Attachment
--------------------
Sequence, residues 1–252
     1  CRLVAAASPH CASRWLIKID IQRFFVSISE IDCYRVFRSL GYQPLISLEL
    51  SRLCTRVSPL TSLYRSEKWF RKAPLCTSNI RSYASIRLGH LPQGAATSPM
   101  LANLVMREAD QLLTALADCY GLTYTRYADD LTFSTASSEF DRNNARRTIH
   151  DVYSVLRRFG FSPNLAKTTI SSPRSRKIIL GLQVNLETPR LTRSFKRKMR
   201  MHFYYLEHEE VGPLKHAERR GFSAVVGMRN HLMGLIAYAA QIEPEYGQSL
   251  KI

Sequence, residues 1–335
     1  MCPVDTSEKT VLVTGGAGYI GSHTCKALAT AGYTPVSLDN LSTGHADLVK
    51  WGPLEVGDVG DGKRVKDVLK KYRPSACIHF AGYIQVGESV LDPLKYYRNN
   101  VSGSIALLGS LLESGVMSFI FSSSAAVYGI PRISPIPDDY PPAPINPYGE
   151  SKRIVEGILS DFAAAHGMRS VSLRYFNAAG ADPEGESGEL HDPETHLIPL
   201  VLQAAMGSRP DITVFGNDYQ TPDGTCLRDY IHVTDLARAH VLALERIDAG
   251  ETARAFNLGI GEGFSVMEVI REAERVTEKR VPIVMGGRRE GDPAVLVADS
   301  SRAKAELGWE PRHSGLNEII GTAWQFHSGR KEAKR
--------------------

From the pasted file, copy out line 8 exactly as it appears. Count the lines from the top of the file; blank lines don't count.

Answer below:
Sequence, residues 1–335